After waiting for several months, the new national unity government has been formed in Afghanistan. The opposing contenders in June’s election have signed an agreement to form a coalition government. This is a very important development regarding peace and stability in the country because the supporters of Abdullah Abdullah were not happy with the election results, and there was a threat of violence perpetrated by his supporters if a new government was formed without him. However, that threat has now been neutralized to some extent.
Critics still believe that ideological differences between the two leaders offer little chance that they can come together to reach consensus, and many pessimistically predict that the new government will soon come to an end. But Ashraf Ghani and Abdullah Abdullah have experience working together in the Karzai administration. Therefore, it is hoped that both leaders can embrace the spirit of cooperation, since a confrontational attitude or a power struggle may end in a lose-lose situation for both of them.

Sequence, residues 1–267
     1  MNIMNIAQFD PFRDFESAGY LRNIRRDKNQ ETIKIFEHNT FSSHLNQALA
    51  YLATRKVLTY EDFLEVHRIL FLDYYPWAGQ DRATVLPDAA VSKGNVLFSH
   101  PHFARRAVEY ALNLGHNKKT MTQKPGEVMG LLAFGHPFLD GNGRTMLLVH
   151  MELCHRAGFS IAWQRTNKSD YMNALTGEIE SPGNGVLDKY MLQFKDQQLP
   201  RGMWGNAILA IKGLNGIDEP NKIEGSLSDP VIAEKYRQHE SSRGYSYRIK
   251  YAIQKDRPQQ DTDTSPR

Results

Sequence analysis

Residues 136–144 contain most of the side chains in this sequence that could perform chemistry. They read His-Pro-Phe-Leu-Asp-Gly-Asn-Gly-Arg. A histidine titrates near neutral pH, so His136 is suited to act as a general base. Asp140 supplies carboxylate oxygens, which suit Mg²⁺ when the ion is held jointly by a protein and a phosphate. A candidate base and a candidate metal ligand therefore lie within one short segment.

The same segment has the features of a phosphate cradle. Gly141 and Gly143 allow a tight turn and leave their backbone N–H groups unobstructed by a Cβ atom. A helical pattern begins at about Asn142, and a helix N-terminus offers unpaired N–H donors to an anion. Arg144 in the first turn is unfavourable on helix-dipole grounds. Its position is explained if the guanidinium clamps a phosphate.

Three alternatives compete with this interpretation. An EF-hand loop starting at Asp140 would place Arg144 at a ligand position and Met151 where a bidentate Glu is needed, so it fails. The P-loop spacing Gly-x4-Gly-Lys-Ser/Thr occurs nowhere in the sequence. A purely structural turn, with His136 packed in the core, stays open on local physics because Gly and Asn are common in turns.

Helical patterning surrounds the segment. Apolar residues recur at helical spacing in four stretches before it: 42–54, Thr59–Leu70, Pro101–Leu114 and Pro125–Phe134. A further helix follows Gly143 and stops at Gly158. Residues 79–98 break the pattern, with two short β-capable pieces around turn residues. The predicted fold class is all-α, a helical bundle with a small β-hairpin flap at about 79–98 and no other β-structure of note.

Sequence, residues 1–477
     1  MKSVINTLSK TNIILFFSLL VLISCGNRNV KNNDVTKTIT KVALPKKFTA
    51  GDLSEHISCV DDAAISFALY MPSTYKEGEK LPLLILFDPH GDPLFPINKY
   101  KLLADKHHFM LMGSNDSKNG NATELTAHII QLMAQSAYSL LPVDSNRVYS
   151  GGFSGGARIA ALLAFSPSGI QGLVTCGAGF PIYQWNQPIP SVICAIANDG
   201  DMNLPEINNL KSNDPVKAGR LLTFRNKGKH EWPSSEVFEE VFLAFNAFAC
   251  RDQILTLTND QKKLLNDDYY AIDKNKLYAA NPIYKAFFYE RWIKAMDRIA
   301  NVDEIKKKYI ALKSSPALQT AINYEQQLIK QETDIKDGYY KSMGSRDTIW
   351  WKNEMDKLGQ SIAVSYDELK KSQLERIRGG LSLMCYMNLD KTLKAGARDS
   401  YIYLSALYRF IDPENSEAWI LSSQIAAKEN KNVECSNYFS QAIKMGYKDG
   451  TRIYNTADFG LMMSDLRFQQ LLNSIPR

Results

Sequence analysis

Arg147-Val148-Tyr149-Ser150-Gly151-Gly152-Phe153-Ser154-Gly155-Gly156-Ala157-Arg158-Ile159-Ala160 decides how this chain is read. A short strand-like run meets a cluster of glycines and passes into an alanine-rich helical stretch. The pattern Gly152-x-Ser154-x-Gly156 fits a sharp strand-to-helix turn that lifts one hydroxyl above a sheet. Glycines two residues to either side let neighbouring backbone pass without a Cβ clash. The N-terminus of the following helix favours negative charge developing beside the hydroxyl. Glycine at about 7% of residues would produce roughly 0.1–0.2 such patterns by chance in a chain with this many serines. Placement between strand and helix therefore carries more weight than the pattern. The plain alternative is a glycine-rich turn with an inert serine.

This power-sharing agreement is nonetheless a positive step, and one should be hopeful that the coalition can contribute to Afghanistan’s development and play a role in bridging the gap between former Northern Alliance supporters and the country’s Pashtuns. Through common efforts, Abdullah Abdullah and Ashraf Ghani can minimize the threat that the militant Taliban poses to the country.
Foreign troops will leave Afghanistan this year. If they had left the country without a settled political situation (similar to the abandonment of Afghanistan after the withdrawal of the former Soviet Union in 1989), there was a chance for even greater chaos and instability in the country. But the United States’ efforts to bring the two leaders together to create a coalition government have really paid off.